MoLife Research Seminar by:
Prof. Dr. Sven Bergström, Umeå University, Department of Molecular Biology, Schweden
Title of the talk:
Chemical genetics to investigate Chlamydia trachomatis biology and pathogenesis
Chlamydia trachomatis is a bacterial pathogen of humans that causes a common sexually transmitted disease as well as eye infections. It grows only inside cells of its host organism, within a parasitophorous vacuole termed the inclusion. Little is known, however, about what bacterial components and processes are important for C. trachomatis cellular infectivity. Using a visual screen for compounds that affects bacterial distribution within the chlamydial inclusion, we identified the inhibitor KSK120. As hypothesized, the altered bacterial distribution induced by KSK120 correlated with a block in C. trachomatis infectivity. Our data suggests that the compound targets the glucose-6-phosphate (G-6P) metabolism pathway of C. trachomatis, supporting previous indications that G-6P metabolism is critical for C. trachomatis infectivity. Thus, KSK120 may be a useful tool to study chlamydial glucose metabolism and has the potential to be used in the treatment of C. trachomatis infections. Consistent with an effect on G-6P metabolism, treatment with KSK120 blocked glycogen accumulation. Interestingly, KSK120 did not affect Escherichia coli or the host cell. Thus, 2-pyridone amides may represent a class of drugs that can specifically inhibit C. trachomatis infection. Bacterial replication and the generation of infectious progeny are the hallmarks of efficient pathogenesis for Chlamydia. In a recent study we describe a novel mechanism for Chlamydial attenuation, through the inhibition of a host cell signalling pathway. We show that inhibition of ERK signalling by small molecule inhibitors result in production of non-infectious Chlamydia progeny. Thus, the 2-pyridone amide compounds were shown to inhibit ERK signalling and were an effective treatment of vaginal chlamydia infections in a murine model. The 2-pyridone amide ERK-inhibitors were non-toxic to host cells and present a novel treatment approach for intracellular infections.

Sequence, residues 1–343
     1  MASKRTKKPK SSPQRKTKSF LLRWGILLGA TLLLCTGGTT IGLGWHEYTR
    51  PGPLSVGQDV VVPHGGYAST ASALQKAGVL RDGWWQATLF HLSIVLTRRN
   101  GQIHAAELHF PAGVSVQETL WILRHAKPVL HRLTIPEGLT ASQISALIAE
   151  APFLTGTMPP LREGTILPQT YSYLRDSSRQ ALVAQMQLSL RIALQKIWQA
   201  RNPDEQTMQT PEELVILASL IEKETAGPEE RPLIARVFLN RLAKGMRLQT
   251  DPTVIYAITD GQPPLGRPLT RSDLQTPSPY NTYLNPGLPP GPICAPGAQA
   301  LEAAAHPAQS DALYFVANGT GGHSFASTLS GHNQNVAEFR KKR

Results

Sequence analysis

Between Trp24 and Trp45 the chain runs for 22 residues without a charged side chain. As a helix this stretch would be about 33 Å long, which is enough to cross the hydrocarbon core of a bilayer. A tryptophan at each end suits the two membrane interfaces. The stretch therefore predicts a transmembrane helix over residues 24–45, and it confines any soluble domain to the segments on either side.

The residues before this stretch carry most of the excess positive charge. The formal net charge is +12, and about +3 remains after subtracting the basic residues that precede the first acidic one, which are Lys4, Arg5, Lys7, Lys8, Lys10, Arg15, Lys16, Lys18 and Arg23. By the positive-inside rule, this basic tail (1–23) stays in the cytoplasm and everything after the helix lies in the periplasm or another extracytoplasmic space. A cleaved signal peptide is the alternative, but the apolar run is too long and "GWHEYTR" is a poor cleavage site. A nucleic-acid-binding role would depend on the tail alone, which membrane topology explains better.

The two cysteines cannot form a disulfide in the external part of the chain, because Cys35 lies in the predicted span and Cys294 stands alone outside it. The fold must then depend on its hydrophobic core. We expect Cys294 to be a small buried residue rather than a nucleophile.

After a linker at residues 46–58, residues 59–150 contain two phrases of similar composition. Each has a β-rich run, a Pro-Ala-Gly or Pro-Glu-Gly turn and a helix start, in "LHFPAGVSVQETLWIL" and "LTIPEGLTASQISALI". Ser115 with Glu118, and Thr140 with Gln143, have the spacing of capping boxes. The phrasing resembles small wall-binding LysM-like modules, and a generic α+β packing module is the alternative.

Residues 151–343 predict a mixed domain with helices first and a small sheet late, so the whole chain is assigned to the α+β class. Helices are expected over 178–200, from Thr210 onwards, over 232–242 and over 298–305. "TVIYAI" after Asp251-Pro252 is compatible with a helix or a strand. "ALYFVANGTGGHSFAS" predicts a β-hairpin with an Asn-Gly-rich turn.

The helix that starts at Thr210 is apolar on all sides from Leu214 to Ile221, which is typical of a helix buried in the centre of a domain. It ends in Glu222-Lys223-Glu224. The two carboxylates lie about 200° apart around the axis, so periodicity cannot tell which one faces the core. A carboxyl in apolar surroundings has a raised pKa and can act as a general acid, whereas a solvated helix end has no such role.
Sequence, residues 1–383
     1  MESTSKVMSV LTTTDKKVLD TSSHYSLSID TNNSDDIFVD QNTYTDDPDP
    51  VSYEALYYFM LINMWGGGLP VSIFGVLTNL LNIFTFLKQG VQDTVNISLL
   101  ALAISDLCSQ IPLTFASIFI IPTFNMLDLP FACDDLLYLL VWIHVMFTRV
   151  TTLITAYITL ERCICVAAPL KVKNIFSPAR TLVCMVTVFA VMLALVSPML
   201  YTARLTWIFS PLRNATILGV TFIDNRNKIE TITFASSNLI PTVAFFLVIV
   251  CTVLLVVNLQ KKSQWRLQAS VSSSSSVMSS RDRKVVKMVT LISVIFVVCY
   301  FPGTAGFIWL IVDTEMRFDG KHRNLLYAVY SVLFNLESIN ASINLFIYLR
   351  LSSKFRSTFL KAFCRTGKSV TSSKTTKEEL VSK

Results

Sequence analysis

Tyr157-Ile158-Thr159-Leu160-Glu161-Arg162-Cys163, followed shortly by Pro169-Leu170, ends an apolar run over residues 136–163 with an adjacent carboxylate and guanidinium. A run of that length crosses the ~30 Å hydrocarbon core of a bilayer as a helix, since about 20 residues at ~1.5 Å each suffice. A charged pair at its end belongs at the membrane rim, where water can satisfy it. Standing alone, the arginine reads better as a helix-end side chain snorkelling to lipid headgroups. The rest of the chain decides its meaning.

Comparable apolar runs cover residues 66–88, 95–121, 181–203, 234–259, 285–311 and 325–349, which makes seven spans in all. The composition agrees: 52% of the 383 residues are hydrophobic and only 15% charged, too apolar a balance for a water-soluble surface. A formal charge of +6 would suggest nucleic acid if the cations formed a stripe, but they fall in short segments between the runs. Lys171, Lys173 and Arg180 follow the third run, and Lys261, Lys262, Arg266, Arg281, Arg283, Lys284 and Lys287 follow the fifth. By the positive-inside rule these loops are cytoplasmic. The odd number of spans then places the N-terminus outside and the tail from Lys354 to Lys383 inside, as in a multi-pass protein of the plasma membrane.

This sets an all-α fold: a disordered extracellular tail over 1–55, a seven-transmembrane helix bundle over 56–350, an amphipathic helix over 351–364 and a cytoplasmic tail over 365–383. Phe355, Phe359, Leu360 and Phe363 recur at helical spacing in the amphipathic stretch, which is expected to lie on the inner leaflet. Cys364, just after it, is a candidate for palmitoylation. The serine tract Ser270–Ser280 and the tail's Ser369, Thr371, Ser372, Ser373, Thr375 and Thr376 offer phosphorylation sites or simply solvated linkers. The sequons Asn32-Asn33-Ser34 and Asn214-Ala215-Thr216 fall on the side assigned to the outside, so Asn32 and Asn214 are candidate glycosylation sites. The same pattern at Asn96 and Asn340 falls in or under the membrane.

Engström et al mBio 2014 Dec 30;6(1):e02304-14. doi: 10.1128/mBio.02304-14.A 2-pyridone-amide inhibitor targets the glucose metabolism pathway of Chlamydia trachomatis.
Engström et al Int J Med Microbiol. 2015 May;305(3):378-82.
doi: 10.1016/j.ijmm.2015.02.007. Expansion of the Chlamydia trachomatis inclusion does not require bacterial replication
Good JA et al 2016, J Med Chem. 2016 Mar 10;59(5):2094-108. doi:10.1021/acs.jmedchem.5b01759. Thiazolino 2-pyridone amide inhibitors of Chlamydia trachomatis infectivity